The fear of rejection.
A lot of people dream of becoming bloggers and yet they’re unable to force themselves to write their first article. They’re afraid that it won’t be good enough and the whole world will see that.
But the fear of rejection doesn’t end there.
You’ve tamed your inner critic by investing tons of hard work into your article and you’ve published it on your blog, because you think it’s great.
Now it’s time to show it to the authorities. And immediately the next round of “the fear of rejection” kicks in.
What if your perception of “great article” is different from how authorities see it?
What if you discover that something you’re so proud of is not actually as good at you thought it was?
That is exactly what happened to me. And luckily, I managed to learn from it.
Reaching Out To Rand
There’s an article on BloggerJet that took me more than a month to write.
It’s called “How To Write Content Strategically: The Guide To Getting Traffic, Subscribers & Sales With Your Articles” and it’s a mammoth 7000-word piece with tons of tips, examples, case studies and even custom visuals.
I’m convinced that it’s the best piece of content I’ve produced to this date. And my confidence made me want to show it to the top people in my field.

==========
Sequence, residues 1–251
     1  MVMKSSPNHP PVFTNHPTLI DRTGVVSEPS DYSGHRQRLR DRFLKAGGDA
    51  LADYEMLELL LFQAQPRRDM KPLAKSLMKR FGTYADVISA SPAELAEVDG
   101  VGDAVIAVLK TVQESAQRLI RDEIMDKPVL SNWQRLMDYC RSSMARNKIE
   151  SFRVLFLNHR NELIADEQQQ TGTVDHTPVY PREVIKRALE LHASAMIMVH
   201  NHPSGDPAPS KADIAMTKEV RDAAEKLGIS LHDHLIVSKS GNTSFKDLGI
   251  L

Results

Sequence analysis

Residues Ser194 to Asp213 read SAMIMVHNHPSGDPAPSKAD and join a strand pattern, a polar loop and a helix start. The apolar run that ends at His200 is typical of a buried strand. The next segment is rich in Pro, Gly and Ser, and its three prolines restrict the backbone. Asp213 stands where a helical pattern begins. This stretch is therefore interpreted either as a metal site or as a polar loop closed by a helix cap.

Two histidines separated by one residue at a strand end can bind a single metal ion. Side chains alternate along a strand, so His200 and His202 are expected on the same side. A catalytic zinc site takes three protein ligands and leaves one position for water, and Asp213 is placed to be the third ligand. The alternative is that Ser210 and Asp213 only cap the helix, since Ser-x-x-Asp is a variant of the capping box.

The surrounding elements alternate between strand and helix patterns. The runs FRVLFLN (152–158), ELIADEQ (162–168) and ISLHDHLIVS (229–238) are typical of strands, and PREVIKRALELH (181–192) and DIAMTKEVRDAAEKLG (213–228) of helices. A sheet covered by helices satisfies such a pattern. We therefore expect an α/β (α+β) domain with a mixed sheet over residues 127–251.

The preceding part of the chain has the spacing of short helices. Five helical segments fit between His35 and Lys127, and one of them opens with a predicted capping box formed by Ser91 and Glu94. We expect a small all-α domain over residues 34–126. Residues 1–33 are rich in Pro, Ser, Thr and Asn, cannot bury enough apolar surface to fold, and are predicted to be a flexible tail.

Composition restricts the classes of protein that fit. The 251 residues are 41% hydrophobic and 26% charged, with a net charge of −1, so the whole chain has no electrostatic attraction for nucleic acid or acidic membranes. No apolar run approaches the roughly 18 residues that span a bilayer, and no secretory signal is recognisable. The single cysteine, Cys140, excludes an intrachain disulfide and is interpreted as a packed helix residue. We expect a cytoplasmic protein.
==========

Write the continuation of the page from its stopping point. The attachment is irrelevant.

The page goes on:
I’ve picked Rand Fishkin as one of my primary targets. This guy has a Twitter following of over 200K raving fans and a single tweet from him could do wonders to my blog.
Actually I’m an adequate person and I perfectly understand that Rand will most likely ignore a “cold email” from a random guy, trying to make him tweet his article.
But luckily I wasn’t a “random guy”.
So here’s what I wrote to him:
And it worked!
Even though I had this weak connection with Rand, I didn’t honestly expect him to reply to my email (I’m sure he doesn’t have a lot of time for such things).
But he did:
Obviously I got a bit discouraged, that my content wasn’t good enough to make him want to tweet it.
But that email made my brains work and I’ve learned quite a few lessons that I want to share with you.
Lessons I’ve Learned From Reaching Out To Rand Fishkin
Lesson #1: Even a small connection is way better than nothing
Despite the fact that my article on Moz was wildly popular, it happened 5 years ago and I’m sure Rand doesn’t even remember it.
But I’m convinced that it’s the fact that I’ve mentioned that article, which made Rand treat me differently and actually reply to my email.
Go out and do good things for influential people:
- comment on each of their articles;
- write for their blog;
- help them promote their products or services;
- link to them a lot;
- offer your help in the fields where they are not very skilled, etc.
This will dramatically increase your chances of getting some help from them in future.
Lesson #2: Only reach out if you think it’s a masterpiece
There are 150 articles published at BloggerJet to this date. Some of them are lame, others are better and a few are real solid.
But only one article out of 150 was worth showing to Rand Fishkin (in my humble opinion).